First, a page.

FirstFT: Tight race for Turkish presidency

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Today’s big story is Turkey’s elections, with Recep Tayyip Erdoğan and Kemal Kılıçdaroğlu locked in tight race for Turkish presidency.

Both candidates claimed to be ahead, but the latest polling suggested neither had the 50 per cent needed to win outright, suggesting that the presidential election would go to a second round run-off in two weeks’ time.

Erdoğan has secured just under 50 per cent of the vote, compared with just 44 per cent for Kılıçdaroğlu, according to figures collated by the state Anadolu news agency, based on the count from 89 per cent of ballot boxes.

Anka, another news outlet, put Kılıçdaroğlu at 45 per cent and Erdoğan on 49 per cent, based on 90 per cent of ballot boxes.

Kılıçdaroğlu’s allies on Sunday objected to data provided by Anadolu, arguing that the calculations had excluded areas where the opposition had performed well and claimed that Erdoğan’s Justice and Development party (AKP) was slowing down the counting process by raising objections in opposition strongholds.

AKP spokesman Ömer Çelik, however, defended Anadolu, saying that it remained the main source for election reporting and that the “attacks” by Kılıçdaroğlu’s Republican People’s party (CHP) amounted to “propaganda”. He said it was too early to declare a winner, and called for patience.

Here’s what else I’m keeping tabs on:

  • Beijing is sending a special envoy to visit Ukraine, Russia, Germany, France and Poland, starting today.

  • India’s April wholesale price index (WPI) inflation rate measure is released today.

  • Protests are expected in Ramallah on the West Bank today to mark the Nakba, or “catastrophe”, when Palestinians were forced from their villages or fled amid the war surrounding Israel’s creation.

Five more top stories

1. The G7 and EU will ban Russian gas imports on routes where Moscow has cut supplies, the first time pipeline gas trade has been blocked by western powers since the invasion of Ukraine.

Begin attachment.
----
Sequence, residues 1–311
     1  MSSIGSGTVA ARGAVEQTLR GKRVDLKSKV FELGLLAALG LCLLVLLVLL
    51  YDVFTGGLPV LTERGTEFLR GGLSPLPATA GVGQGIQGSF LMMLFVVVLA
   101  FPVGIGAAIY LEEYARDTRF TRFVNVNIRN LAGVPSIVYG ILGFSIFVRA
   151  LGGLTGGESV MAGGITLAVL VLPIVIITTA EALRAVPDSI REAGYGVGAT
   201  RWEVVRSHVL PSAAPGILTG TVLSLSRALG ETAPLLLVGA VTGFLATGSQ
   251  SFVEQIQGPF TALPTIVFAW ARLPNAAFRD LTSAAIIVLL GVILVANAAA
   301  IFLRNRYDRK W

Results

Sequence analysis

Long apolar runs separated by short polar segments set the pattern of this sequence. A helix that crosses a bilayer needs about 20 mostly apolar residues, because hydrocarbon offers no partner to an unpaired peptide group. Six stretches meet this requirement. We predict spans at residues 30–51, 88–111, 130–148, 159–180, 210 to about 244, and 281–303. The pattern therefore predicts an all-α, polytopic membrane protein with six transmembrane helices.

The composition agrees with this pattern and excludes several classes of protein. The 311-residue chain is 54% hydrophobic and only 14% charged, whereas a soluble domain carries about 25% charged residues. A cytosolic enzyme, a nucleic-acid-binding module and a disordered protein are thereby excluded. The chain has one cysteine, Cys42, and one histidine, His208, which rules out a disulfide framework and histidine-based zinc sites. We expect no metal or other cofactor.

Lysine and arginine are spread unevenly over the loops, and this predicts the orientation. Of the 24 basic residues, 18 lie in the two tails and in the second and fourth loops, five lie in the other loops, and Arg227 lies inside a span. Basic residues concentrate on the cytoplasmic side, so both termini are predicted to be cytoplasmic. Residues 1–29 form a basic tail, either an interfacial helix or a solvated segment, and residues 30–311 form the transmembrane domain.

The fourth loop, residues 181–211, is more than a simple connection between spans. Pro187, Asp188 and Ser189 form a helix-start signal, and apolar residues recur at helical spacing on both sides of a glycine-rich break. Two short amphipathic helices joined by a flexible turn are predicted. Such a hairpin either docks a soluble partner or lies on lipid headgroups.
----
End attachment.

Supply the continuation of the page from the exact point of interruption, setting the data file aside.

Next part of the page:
2. Argentina plans emergency economic measures to avoid big devaluation, including raising interest rates 600 basis points to 97 per cent.

3. Thailand’s pro-democracy opposition parties have taken the lead in early polling results as voters delivered a rebuke to the military in a contest that could herald the country’s first transfer of power for a decade.

4. Shipping groups press Chinese counterparts for sanctions-proof contracts that would make it easier for them to walk away from deals if western governments impose sanctions on Beijing.

5. The Bharatiya Janata party concedes a crucial state election, dealing a rare political setback to prime minister Narendra Modi a year before a national poll.

Deep Dive

Tourism, which accounts for about one-fifth of Greece’s GDP, last year reached 97 per cent of pre-pandemic levels © Angelos Tzortzinis/AFP/Getty Images

After years as Europe’s problem child, growth in Greece is now rocketing. More than a decade after bailouts and austerity measures pulled Greece from the brink of bankruptcy and a eurozone exit, the country has rebounded and is on the cusp of regaining its investment-grade rating. More on Greece’s ‘greatest turnround.’

We’re also reading and listening to. . . 

  • Shell’s Iraqi gas project: An Iranian company is the biggest beneficiary of a power plant poised to supply a Shell-backed gas project in Iraq. Here’s how Iran will profit.

  • A sanctioned ship’s journey: The FT has reconstructed the five-month covert journey that a sanctions-hit Russian cargo ship, Lady R, took to secretly transport weapons sought by Moscow.

  • FT Weekend Podcast: This week, host Lilah Raptopoulos sits down with Iranian-American artist Sheida Soleimani as she tells her family history through her photography, after years of creating political works.

Chart of the day

The hole in the Earth’s ozone layer has stopped growing and has begun to close in recent years, according to NASA’s Ozone Watch. According to a UN panel, the ozone layer should recover to pre-1980 levels by the middle of this century if current policies remain in place.

Take a break from the news

For three decades Mary Austin has been the custodian of Freddy Mercury’s art-filled house. Now she is finally ready to sell its contents. Take a look inside his London home in The Weekend Essay.

Mary Austin has been the custodian of Freddy Mercury’s art-filled house for three decades
Throughout the house, Mercury ‘chose everything, from the tiniest detail, exactly as he wanted’, says Austin © © Max Miechowski

Additional contributions by Tee Zhuo and Emily Goldberg

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